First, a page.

IF I WOKE UP ONE DAY
Spatial elaborations from another world.
What would happen if the world woke up one day in a different place than usual?
If I woke up one day is the Living Room column in which six artists will be asked to experiment with new ways of thinking about space, both temporal and physical, in relation to the concept of limits.
Alone, Together (2018-)
single-channel video, 7min
“Alone, Together” (2018-) is a participatory, live work with residents living in London tower blocks. It utilises letters, light and music as the base of communication and creation. Letters were sent to residents, openly inviting them to listen to a particular track, on a particular night, at a particular time and to play with their lights to the beat of the music, improvising in any way they wish.
Cherie Federico, Director of Aesthetica Magazine describes the work: “Laura Besançon’s participatory film work Alone, Together (2018-) typifies modern life. Most of the population lives in cities or mega cities. We live on top of each other, and can do for years, but we may never know who sleeps below us. Besançon developed a project that began with sending a letter to the residents of a high-rise, asking them to turn their lights on and off to the sequence of a soundtrack whilst she filmed outside. The result is a perfect symphony. It’s amazing to get that level of performance and to see what happens next – maybe the residents start to speak to each other. It’s about creating a sense of community. Besançon’s piece is a highly accomplished conceptual piece with real impact, offering a greater understanding of the factions within society” (Foreword, Future Now Anthology 2020)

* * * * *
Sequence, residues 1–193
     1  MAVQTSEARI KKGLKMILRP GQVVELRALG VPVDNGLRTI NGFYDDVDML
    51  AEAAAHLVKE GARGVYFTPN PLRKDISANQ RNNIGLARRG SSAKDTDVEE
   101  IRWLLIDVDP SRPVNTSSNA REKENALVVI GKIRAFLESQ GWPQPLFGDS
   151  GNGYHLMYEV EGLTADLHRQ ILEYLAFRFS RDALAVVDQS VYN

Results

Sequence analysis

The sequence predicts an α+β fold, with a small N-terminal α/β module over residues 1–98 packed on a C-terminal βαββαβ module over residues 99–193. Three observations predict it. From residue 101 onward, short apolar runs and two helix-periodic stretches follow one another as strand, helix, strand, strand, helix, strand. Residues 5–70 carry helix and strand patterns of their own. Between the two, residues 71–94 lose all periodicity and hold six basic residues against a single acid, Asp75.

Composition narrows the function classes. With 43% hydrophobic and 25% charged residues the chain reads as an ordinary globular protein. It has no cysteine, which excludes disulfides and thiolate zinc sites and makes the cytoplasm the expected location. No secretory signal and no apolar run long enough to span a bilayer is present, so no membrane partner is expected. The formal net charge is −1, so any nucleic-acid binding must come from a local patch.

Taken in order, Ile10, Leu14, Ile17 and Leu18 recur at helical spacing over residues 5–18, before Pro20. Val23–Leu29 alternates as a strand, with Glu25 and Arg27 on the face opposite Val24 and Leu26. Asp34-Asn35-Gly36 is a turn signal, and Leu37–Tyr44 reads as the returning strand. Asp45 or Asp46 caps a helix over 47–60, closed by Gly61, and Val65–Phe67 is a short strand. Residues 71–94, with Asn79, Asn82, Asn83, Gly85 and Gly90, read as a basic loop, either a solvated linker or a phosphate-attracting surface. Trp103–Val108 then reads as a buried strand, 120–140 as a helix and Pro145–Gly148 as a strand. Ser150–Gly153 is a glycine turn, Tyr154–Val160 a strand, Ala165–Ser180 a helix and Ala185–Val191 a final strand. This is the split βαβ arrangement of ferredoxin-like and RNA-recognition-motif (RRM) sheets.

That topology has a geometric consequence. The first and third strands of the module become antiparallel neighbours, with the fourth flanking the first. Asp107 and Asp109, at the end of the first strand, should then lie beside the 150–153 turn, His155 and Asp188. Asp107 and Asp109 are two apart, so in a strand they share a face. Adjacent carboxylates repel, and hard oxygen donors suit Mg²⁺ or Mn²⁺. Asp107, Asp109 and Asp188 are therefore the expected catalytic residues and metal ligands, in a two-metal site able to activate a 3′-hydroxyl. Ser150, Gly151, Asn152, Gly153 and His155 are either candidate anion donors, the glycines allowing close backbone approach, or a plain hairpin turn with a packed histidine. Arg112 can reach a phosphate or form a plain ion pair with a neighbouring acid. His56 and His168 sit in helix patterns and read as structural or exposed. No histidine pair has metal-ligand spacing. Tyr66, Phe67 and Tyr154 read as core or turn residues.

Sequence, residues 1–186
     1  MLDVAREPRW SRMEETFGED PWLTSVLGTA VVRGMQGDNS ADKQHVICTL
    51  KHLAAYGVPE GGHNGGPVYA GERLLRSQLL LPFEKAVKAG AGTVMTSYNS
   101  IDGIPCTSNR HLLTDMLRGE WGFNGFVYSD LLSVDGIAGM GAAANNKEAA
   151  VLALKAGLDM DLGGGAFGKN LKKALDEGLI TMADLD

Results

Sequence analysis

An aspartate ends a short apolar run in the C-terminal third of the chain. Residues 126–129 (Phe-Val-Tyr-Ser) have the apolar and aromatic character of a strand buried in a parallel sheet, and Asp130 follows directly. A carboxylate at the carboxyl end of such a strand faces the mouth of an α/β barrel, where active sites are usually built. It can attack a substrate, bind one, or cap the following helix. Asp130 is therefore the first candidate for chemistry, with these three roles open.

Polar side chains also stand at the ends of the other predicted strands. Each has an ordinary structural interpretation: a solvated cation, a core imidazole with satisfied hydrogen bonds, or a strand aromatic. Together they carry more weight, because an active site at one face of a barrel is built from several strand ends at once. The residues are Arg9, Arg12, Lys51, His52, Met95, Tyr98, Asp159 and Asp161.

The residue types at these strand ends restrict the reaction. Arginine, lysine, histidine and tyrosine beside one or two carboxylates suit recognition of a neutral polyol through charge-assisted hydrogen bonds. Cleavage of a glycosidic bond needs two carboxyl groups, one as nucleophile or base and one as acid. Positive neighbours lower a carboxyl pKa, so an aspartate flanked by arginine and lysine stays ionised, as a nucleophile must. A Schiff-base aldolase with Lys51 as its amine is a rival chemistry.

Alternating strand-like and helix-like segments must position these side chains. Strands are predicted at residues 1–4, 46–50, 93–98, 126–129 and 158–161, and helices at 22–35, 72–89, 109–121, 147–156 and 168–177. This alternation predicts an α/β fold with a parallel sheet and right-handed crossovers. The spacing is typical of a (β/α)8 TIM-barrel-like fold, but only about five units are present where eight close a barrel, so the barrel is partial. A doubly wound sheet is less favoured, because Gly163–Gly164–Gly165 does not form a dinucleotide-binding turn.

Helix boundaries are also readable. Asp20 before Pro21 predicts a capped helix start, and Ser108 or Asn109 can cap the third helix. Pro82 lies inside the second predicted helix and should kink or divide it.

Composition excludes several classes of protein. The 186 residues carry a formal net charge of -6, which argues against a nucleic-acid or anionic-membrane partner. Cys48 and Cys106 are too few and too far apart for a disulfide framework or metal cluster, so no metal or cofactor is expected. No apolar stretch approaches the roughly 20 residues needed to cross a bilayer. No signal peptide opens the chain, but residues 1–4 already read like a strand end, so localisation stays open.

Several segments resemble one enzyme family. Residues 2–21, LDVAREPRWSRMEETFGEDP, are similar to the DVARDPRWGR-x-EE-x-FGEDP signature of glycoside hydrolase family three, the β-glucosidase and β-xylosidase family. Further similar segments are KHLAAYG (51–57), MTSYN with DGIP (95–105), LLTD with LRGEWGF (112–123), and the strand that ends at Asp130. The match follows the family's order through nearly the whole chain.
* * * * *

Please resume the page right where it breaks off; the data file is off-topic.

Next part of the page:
The project is relevant in the light of the present moment. Poignant in relation to social distancing and isolation. In the context of Manifattura Tabacchi, it reflects upon notions of community, co-creation and how a space is changed into place through residents action, participation, community engagement, the arts, music. It reflects upon “art as a community unifier, brief moments of shared experiences which create notions of place”
Still, Play! / Play Still (2020)
single-channel video, 3min
(Performance with a remote control, vhs player & malfunctioning vhs)
This is about something that cannot be played. No matter how much we try to play it, whether we play slowly or aggressively – we probably only worsen its malfunction. Some things are beyond our control, or else we have some form of remote control. Sometimes the only thing we can do is to be still. To slow down and accept that some things are just not working. If something does not work, we cannot play it, ultimately we will realise that…It is up to us whether we can see this, or make this, the beginning of something else or the end of everything (00:00:00). It can be worthwhile seeing seemingly negative things in a new light.